Pastoralists in the Modern World

Nomads are people who do not live in one place but move from one area to another to earn their living. In many parts of India we can see nomadic pastoralists on the move with their herds of goats and sheep, or camels and cattle. Have you ever wondered where they are coming from and where they are headed? Do you know how they live and earn? What their past has been?

Pastoralists

 Pastoralists rarely enter the pages of history textbooks. When you read about the economy – whether in your classes of history or economics – you learn about agriculture and industry. Sometimes you read about artisans; but rarely about pastoralists. As if their lives do not matter. As if they are figures from the past who have no place in modern society. 

Pastoralists in the Modern World
Pastoralists

In this article, you will see how pastoralism has been important in societies like India and Africa. You will read about the way colonialism impacted their lives, and how they have coped with the pressures of modern society. The topic will first focus on India and then Africa. 

Pastoralists in the Modern World

Writing in the 1850s, G.C. Barnes gave the following description of the Gujjars of kangra:

‘In the hills the Gujjars are exclusively a pastoral tribe- they cultivate scarcely at all. The Gaddis keep flocks of sheep and goats and the Gujjars, wealth consists of buffaloes. These people live in the skirts of the forests, and maintain their existence exclusively by the sale of the milk, ghee, and other produce of their herds. The men graze the cattle, and frequently lie out for weeks in the woods tending their herds.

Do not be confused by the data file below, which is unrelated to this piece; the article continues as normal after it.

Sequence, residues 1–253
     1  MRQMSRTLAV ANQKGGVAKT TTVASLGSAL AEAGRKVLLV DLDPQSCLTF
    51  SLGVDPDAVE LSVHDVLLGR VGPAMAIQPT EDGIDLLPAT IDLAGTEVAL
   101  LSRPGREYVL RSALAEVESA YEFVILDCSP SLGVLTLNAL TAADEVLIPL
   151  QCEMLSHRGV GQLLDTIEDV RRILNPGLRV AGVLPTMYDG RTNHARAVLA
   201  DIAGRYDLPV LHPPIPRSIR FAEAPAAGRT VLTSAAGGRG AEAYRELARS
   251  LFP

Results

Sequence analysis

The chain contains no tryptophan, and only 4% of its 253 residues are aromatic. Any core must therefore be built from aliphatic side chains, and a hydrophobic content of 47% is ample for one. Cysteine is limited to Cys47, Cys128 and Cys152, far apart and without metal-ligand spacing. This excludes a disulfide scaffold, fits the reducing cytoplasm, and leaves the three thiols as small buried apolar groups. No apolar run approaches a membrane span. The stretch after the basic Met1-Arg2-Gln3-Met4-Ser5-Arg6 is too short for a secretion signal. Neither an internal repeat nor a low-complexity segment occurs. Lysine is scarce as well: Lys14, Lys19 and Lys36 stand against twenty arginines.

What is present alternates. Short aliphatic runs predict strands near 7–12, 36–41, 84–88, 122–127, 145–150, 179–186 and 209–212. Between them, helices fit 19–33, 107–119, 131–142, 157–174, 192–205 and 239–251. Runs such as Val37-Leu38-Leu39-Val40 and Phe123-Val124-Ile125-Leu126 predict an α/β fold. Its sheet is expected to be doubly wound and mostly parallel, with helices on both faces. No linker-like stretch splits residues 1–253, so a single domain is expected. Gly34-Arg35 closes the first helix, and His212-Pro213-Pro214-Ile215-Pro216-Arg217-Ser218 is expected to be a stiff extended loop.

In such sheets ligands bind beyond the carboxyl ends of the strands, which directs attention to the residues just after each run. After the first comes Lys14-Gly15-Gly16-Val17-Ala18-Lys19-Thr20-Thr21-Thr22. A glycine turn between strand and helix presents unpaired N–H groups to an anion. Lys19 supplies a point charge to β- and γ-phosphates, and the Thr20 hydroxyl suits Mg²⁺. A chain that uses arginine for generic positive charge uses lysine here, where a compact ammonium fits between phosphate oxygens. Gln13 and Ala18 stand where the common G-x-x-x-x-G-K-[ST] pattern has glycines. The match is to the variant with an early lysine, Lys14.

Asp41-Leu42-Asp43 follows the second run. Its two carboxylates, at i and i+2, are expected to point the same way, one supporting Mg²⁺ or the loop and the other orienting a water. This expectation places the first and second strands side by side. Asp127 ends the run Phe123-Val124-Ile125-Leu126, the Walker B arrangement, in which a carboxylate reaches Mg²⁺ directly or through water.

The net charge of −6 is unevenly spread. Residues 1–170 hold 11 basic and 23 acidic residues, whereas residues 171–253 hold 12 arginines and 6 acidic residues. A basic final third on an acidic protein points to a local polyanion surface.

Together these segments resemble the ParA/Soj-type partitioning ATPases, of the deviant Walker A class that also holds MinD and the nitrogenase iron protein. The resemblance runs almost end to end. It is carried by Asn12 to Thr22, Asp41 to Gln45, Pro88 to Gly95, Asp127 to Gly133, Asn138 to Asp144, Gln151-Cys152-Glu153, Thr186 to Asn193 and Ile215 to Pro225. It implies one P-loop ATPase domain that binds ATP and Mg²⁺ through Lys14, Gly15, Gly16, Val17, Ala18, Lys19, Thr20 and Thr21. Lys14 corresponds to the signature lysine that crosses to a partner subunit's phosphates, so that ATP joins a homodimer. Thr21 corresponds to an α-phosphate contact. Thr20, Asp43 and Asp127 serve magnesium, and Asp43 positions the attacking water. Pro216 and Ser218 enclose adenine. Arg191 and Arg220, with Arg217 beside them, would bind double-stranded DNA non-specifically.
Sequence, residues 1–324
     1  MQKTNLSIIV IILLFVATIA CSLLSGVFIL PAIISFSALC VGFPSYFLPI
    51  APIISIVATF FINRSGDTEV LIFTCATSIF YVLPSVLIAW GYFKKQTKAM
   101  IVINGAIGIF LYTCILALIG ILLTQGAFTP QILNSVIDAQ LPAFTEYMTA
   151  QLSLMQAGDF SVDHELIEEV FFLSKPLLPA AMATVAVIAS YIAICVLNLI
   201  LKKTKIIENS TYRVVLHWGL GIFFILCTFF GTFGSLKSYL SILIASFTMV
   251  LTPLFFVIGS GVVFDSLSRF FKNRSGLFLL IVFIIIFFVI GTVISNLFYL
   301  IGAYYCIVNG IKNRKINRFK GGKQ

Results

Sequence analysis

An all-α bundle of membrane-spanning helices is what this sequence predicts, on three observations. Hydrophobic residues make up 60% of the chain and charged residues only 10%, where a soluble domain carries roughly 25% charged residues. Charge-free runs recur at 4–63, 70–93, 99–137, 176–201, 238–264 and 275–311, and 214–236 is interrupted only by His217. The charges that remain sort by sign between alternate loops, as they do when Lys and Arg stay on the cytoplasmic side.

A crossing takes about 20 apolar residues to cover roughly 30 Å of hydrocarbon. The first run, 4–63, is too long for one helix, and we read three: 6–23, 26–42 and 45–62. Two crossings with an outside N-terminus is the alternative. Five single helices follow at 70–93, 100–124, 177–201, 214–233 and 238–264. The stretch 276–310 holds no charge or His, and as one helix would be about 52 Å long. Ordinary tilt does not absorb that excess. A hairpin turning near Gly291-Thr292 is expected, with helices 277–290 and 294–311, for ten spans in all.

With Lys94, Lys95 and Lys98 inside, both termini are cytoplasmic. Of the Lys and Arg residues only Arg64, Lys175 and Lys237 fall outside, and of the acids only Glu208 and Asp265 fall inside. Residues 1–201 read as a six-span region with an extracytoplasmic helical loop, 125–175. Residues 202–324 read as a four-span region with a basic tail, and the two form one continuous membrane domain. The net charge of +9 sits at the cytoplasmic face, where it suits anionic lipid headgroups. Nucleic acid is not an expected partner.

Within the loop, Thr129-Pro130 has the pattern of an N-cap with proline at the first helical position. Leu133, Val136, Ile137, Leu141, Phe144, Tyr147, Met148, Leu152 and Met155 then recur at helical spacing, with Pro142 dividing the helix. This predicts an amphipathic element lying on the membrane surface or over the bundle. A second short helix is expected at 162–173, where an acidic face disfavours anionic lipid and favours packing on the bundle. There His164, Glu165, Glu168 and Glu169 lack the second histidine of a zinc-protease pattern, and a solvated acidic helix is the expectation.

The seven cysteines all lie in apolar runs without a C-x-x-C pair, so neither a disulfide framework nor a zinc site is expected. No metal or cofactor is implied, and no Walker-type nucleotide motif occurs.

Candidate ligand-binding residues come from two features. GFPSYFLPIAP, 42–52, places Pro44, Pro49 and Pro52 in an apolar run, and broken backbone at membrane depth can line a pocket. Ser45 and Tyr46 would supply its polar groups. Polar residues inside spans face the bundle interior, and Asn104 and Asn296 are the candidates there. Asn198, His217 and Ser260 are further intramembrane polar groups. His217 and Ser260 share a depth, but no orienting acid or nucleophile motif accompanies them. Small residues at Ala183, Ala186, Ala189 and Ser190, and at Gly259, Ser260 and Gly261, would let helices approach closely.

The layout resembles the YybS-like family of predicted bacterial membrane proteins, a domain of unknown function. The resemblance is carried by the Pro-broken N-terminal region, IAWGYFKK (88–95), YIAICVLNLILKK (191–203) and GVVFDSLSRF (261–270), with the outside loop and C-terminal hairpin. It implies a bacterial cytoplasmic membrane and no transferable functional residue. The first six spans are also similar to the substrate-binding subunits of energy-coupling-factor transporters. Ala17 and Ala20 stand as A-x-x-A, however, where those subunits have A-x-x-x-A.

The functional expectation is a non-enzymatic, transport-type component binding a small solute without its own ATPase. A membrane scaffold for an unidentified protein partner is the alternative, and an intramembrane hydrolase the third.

Pastoralists
Pastoralists

The women repair to the markets every morning with baskets on their heads, with little earthen pots filled with milk, butter-milk and ghee, each of these pots containing the proportion required for a day’s meal. During the hot weather the Gujjars usually drive their herds to the upper range, where the buffaloes rejoice in the rich grass which the rains bring forth and at the same time attain condition from the temperate climate and the immunity  from venomous flies that torment their existence in the plains. 

From : G.C. Barnes, Settlement Report of Kangra, (1850-55)

 Pastoral Nomads and their Movement 

In the Mountains Even today the Gujjar Bakarwals of Jammu and Kashmir are great herders of goat and sheep, Many of them migrated to this region in the nineteenth century in search of pastures for their animals. Gradually, over the decades, they established themselves in the area, and moved annually between their summer and winter grazing grounds. In winter, when the high mountains were covered with snow, they lived with their herds in the low hills of the Siwalik range.

Pastoralists in the Modern World
Pastoralists

The dry scrub forests here provided pasture for their herds. By the end of April they began their northern march for their summer grazing grounds. Several households came together for this journey, forming what is known as a kafila. They crossed the Pir Panjal passes and entered the valley of Kashmir. With the on set of summer, the snow melted and the mountain sides were lush green.

The variety of grasses that sprouted provided rich nutritious forage for the animal herds. By the end of September the Bakarwals were on the move again, this time on their downward journey, back to their winter base. When the high mountains were covered with snow, the herds were grazed in the low hills.

 In a different area of the mountains, the Gaddi shepherds of Himachal Pradesh had a similar cycle of seasonal movement. They too spent their winter in the low hills of Siwalik range, grazing their flocks in scrub forests. By April they moved north and spent the summer in Lahul and Spiti. When the snow melted and the high passes were clear, many of them moved on to higher mountain. Tribal Livelihood

meadows. By September they began their return movement. On the way they stopped once again in the village of Lahul and Spiti, reaping their summer harvest and sowing their winter crop. Then they descended with their flock to their winter grazing ground on the Siwalik hills.

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